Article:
Some community attendees expressed perceptions that Central Penn students have brought a drug problem to the community.

The college has very few drug-related incidents compared to other colleges.

According to Central Penn’s state-required crime report, six drug-law arrests were made on campus in 2014, four in 2013 and two in 2012; none was made off campus. No drug-law arrests were made in 2011.

The report is accessible at http://www.centralpenn.edu/security. 2014 is the most recent year for which a report is available.

Lt. Mark Green, of the East Pennsboro Township Police Department, addressed residents’ safety concerns.

“The drug problem is a national problem and does not just stop at East Pennsboro,” Green said.

Will expansion squeeze anyone?

Another concern presented was Central Penn’s expansion plans.

One long-time township resident said he and others “get nervous” about the school’s expansion plans. There seemed to be some confusion as to what school officials want to do. Some residents questioned why the school wanted to take their property.

Scolforo reassured attendees that Central Penn has no intention of making any land grabs, such as by using eminent domain, or any other method. She then reissued her invitation to members of the East Pennsboro community to be involved with the Facility Planning Committee to help develop ideas and an outlook for the school’s future.

Another resident suggested thinking outside the box when looking at parking needs and parking lots. Spaces fill quickly now when classes are in session and events are being held in the college conference center, and any expansion, let alone a much-discussed fieldhouse, or other sports complex and establishment of a “Main Street College Town” environment, brings more cars and the need for more parking areas.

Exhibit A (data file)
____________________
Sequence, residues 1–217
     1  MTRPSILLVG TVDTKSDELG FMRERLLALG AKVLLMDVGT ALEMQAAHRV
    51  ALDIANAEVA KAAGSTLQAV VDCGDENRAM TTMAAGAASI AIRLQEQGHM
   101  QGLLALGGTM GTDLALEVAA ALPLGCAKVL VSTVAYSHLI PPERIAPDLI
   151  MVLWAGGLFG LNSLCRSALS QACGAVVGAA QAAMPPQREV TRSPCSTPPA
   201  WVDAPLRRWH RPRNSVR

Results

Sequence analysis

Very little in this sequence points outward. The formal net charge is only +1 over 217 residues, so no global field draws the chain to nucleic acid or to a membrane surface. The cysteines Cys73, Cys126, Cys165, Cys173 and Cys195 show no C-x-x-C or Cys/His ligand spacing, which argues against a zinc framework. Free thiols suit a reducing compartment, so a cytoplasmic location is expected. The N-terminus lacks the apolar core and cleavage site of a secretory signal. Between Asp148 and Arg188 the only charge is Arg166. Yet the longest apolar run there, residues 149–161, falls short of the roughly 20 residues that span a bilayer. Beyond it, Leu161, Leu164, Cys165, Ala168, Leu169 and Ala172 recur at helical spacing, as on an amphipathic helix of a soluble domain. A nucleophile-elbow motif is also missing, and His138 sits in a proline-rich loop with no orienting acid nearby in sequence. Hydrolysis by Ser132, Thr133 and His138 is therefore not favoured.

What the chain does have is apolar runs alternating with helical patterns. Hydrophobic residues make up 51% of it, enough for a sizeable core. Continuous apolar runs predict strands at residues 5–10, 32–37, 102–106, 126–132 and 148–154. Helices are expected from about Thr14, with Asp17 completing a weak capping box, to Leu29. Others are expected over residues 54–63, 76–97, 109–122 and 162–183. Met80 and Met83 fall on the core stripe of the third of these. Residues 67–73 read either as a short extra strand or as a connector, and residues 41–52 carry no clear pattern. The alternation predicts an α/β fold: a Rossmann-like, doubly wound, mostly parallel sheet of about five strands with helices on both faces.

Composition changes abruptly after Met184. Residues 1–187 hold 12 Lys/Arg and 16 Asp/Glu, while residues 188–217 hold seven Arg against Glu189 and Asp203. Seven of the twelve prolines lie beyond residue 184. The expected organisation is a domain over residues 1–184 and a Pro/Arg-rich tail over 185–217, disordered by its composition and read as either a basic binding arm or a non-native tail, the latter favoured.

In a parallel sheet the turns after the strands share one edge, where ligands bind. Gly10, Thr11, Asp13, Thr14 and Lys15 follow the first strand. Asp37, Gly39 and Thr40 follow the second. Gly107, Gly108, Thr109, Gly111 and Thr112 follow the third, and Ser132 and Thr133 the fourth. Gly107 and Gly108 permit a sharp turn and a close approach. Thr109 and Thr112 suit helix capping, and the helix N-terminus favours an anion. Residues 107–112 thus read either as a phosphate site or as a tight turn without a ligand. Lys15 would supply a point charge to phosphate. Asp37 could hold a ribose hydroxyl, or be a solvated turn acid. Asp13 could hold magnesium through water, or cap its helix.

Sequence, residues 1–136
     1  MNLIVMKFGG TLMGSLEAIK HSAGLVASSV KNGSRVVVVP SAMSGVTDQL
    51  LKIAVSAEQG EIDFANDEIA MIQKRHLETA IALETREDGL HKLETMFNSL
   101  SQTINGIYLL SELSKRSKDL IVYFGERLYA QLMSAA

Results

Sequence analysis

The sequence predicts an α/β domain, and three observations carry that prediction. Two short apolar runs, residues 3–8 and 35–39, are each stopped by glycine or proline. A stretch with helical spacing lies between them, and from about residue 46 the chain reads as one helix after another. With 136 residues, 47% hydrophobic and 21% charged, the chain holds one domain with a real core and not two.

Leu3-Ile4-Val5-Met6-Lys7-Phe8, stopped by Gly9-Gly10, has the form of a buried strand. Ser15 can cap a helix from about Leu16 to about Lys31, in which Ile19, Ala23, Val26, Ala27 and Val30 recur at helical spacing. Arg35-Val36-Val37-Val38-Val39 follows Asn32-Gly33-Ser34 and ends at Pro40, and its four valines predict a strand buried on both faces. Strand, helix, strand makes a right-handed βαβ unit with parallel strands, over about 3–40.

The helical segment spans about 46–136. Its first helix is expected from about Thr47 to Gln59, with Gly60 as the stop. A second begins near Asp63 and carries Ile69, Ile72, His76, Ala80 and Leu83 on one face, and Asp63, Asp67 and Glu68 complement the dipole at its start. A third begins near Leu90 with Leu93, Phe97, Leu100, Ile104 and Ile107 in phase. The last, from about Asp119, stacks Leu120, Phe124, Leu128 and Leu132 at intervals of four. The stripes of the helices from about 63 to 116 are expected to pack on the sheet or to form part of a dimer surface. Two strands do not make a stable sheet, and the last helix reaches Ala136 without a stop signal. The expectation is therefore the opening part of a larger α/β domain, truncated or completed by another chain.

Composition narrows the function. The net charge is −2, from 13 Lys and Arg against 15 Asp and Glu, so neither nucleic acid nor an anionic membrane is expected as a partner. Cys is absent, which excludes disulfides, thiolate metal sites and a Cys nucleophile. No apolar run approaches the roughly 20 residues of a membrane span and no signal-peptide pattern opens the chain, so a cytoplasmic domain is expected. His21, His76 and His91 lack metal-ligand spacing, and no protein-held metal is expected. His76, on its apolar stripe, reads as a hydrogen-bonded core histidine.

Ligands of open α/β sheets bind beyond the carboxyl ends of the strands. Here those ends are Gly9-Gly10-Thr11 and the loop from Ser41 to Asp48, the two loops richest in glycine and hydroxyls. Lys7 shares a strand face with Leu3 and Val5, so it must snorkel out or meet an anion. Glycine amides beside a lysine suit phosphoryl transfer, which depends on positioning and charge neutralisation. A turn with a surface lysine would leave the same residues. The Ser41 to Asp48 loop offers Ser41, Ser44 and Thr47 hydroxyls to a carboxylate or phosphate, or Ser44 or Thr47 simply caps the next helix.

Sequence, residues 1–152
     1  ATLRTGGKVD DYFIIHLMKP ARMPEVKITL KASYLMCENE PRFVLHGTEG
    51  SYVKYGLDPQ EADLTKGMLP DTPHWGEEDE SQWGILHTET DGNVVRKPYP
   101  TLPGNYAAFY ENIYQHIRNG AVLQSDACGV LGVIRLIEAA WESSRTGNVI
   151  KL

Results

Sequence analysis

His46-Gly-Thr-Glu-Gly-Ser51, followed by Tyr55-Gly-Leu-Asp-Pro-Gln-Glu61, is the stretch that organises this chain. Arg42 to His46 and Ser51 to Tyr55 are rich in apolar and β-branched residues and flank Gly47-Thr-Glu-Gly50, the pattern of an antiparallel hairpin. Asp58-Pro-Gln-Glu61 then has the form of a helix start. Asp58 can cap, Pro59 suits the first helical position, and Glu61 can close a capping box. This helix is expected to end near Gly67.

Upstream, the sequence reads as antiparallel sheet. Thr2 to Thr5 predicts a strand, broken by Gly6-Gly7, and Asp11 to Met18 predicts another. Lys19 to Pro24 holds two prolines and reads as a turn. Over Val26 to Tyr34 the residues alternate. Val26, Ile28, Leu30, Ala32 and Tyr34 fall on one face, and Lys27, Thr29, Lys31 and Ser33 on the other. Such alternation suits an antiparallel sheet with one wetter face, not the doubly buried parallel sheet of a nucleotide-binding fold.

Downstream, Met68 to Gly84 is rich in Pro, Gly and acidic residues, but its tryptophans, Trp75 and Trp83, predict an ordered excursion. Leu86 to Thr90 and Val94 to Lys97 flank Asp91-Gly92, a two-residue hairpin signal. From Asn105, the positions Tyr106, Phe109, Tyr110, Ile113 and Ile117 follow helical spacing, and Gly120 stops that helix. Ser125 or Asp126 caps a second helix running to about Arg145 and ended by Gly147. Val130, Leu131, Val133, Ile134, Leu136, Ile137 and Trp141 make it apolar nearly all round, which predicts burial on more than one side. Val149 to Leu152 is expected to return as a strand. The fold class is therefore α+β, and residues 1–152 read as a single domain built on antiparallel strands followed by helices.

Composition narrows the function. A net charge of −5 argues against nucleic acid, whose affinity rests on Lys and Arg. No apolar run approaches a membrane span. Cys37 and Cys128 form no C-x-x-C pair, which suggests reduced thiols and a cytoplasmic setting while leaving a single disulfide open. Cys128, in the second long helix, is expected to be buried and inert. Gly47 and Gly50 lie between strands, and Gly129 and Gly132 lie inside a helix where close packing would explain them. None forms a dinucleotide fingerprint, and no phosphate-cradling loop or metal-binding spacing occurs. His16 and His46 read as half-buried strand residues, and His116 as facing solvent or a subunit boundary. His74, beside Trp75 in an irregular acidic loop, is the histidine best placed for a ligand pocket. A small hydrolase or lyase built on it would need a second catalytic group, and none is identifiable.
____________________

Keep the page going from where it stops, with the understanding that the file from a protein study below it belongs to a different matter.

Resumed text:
Attendees seemed to sense a change under Scolforo’s tenure – one of more community outreach.

Residents shared after the meeting a willingness to reconsider their attitudes toward the school that is part of their community.

One couple, residents here since 1973, provide housing to a male student from New Jersey. Ten years ago was the last time they can remember housing students, and then it was a female student who later married a neighbor.

After what some people described as a significant number of years of little to no communication between the East Pennsboro community and the Central Penn campus community, misunderstandings could be melting away from negative perceptions and morphing into harmonious participation.

Career Services Director Steve Hassinger invited a community member to be a mock interviewer for a freshman seminar class, and he accepted.

“These kids get a bad rap,” the resident said.

Another resident added: “I’m glad I came (to the meeting). I’m really, really glad I came.”

Edited by Michael Lear-Olimpi, Media Club co-adviser.